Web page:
DENVER | A bill that would make it easier for Colorado juries to give the death penalty failed Wednesday when a Republican senator joined Democrats in saying that unanimous verdicts for capital punishment should stay a requirement.
The measure was inspired by two verdicts last year, in which jurors couldn’t agree on execution for mass murderers and the defendants received life in prison.
A Denver jury last summer refused to give the death penalty to a man who stabbed five people to death in a bar in 2012. A few weeks earlier, Arapahoe County jurors couldn’t agree on execution for theater shooter James Holmes, who killed 12 people in 2012.
The life sentence for Holmes in particular showed that Colorado’s death penalty system is “broken,” said Sen. Kevin Lundberg, the bill’s sponsor. His measure would have changed death verdict requirements from a 12-0 jury vote to 11-1.
“I believe it’s tainted the entire process, and we need to address this issue that the policy of Colorado of having the death penalty for the most heinous crimes is attainable,” Lundberg said.
Colorado has executed just one person in nearly half a century, and only three people sit on its death row.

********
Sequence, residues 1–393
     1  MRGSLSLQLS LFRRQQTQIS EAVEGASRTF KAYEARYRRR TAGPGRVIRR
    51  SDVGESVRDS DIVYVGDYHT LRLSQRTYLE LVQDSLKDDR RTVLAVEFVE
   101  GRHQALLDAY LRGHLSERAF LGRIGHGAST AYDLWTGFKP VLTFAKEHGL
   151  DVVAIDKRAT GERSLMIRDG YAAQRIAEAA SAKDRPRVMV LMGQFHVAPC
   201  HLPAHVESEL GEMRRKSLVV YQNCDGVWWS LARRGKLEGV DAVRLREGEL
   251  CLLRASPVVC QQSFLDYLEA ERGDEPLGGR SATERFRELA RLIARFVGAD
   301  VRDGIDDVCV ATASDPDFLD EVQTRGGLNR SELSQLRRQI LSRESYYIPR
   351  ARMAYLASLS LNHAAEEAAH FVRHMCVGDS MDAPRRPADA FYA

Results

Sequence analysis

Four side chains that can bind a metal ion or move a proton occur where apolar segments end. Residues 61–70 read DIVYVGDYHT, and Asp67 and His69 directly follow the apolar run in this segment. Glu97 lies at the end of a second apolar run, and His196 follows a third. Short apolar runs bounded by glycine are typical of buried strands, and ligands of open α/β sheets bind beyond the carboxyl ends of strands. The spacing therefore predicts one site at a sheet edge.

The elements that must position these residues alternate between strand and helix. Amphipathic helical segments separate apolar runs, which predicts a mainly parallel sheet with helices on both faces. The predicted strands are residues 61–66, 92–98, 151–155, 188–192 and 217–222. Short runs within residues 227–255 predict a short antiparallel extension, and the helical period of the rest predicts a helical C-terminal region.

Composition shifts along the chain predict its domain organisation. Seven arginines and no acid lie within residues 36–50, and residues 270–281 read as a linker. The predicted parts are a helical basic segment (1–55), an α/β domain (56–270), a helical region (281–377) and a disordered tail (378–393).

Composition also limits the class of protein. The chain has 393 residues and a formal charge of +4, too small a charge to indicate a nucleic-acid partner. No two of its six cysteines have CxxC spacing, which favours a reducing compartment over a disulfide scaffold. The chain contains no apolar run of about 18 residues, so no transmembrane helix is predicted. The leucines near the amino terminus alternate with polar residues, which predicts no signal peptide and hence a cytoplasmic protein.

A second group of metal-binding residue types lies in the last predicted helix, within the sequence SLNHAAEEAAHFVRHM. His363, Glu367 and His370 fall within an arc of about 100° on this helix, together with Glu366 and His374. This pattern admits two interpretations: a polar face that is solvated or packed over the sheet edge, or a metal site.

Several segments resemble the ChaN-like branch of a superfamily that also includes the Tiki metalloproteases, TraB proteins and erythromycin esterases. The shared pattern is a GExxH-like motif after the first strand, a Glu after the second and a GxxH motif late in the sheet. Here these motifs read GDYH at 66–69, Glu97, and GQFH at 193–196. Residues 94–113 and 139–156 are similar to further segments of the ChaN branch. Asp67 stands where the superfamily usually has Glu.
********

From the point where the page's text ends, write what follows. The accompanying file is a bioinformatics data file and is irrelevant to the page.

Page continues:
Sen. Ellen Roberts, the Republican head of the committee that heard the bill, helped voted it down. It failed 3-2.
“The death sentence is a very drastic state action. We need to be absolutely sure,” Roberts of Durango said after the vote.
The hearing attracted a few dozen death penalty opponents, some of whom carried signs outside urging Colorado to continue requiring unanimous verdicts for the death penalty.
“The decision to impose the sentence of death is probably the most serious decision we ask any citizen sitting on a jury to make,” said Peter Severson, director of the Lutheran Advocacy Ministry-Colorado.
Only one witness testified in favor of the change — Tom Sullivan, father of theater shooting victim Alex Sullivan. He talked about how upset he was that the Holmes jury couldn’t agree on execution.
“I thought that the violence of this crime … would be enough for the verdict to be death. I was wrong,” Tom Sullivan said.
Roberts said before the vote that she “too was dumbfounded by the result of the Holmes trial,” adding that she doesn’t oppose the death penalty.